The government would suspend funding for the Legislative Council Commission, the Hospital Authority and the University Grants Committee next month because of the ongoing filibuster of the budget bill, the financial secretary said yesterday.
Speaking after talks with top civil servants, Financial Secretary John Tsang Chun-wah said the administration was facing difficulty in paying its expenses beyond this month. The government's HK$78.7 billion provisional funding runs out on May 31, but Tsang ruled out applying for emergency funding.
The funding for the three public bodies "will be suspended in June to pull together HK$5.1 billion funding for other operations", Tsang said. But he said the HK$5.1 billion would only sustain the administration's expenses for a week.
While the Legco commission, which provides administrative support for the legislature, will have its funding suspended, Legco president Jasper Tsang Yok-sing said the body would use its HK$120 million reserve to pay for the operation and staff wages of the secretariat, which amount to about HK$40 million per month.
He said the Legco commission would have to make a ''political decision'' as to whether the remaining reserve should be used to pay the wages and expenses of lawmakers, which amount to HK$18 million a month.
While the financial secretary painted a bleak picture of the government's balance sheet, he said he was doing so for good reason. "Over 60 departments will see their reserves drying up in June," said Tsang, who based his assessment on cash-flow forecasts collected from all government departments. "The ideal time for passing the appropriation bill is mid-May but that has already passed."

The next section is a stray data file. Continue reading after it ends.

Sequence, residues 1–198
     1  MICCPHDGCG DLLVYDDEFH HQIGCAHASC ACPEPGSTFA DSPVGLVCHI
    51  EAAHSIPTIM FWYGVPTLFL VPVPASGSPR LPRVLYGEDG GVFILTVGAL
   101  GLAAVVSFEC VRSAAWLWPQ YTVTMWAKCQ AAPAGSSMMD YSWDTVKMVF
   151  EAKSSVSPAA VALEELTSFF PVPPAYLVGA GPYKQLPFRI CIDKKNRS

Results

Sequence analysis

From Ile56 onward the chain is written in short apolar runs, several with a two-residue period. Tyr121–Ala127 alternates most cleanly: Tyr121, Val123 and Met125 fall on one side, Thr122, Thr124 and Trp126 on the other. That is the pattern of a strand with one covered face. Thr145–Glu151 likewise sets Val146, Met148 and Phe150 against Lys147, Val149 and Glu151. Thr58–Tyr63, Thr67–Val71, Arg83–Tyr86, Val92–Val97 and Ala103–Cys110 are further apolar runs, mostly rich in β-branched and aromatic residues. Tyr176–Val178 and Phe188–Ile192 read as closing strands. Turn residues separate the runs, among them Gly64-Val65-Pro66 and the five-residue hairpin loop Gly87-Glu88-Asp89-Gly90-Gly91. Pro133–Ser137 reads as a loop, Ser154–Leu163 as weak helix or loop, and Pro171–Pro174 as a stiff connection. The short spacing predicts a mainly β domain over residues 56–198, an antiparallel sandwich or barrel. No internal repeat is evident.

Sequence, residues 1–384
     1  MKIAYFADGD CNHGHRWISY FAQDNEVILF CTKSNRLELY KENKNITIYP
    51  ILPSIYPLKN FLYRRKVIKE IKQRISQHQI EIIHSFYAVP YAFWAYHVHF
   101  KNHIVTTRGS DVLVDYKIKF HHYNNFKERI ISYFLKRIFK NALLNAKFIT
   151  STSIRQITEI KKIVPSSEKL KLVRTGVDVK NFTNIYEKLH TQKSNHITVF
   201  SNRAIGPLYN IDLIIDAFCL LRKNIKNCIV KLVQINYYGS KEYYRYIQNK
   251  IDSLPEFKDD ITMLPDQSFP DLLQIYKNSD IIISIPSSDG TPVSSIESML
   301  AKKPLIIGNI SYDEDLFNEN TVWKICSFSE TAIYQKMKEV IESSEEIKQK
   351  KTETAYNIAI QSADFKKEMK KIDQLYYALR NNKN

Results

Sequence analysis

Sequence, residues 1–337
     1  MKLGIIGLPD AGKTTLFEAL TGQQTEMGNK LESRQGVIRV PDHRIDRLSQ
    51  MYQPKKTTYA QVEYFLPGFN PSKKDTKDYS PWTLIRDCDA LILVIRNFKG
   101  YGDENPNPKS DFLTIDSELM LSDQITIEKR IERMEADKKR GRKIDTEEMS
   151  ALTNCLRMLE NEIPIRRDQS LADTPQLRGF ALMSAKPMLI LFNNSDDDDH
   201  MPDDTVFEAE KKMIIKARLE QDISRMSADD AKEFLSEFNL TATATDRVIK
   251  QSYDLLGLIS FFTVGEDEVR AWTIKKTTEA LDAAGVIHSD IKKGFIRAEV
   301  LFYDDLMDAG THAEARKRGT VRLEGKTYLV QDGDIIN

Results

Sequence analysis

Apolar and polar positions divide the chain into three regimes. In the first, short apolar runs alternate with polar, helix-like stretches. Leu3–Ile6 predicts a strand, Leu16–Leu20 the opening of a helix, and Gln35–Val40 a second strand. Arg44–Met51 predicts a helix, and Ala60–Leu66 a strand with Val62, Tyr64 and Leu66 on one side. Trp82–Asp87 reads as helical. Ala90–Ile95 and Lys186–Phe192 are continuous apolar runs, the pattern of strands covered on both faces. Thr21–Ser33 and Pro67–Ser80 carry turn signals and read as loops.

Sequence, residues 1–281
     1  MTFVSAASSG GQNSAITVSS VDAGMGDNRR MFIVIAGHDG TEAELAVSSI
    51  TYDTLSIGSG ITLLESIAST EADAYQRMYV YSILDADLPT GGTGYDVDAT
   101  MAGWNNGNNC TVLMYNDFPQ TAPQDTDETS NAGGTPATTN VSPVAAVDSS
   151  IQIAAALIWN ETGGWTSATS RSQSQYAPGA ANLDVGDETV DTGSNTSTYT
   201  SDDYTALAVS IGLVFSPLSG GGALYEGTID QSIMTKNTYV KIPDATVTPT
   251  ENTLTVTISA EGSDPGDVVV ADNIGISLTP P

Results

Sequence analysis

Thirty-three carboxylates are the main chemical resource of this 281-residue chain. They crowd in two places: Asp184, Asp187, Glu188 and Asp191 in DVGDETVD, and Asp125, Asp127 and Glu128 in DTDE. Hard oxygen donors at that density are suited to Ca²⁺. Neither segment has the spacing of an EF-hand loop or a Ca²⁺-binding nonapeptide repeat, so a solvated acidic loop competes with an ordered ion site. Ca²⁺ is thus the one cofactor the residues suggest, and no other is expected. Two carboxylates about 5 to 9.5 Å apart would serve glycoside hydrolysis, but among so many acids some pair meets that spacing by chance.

Two filibustering lawmakers - Albert Chan Wai-yip and Raymond Chan Chi-chuen, of the People Power party - told Jasper Tsang on Wednesday that their marathon protest could finish by the end of this month. They have asked the government to apply for emergency funding.
John Tsang refuses to meet the filibustering lawmakers, whose demands include calling on the government to set up a universal pension fund.
"A meeting with them would not help much" to end the filibuster, he said. "We understand their stance."
Chan said that if the government was unable to fund itself it would be because of its own incompetence.
Legco has yet to vote on any of the 1,192 amendments to the budget bill - mainly sponsored by four radical pan-democrats - after 43 hours of debate since April 30, including 10 hours spent counting quorums.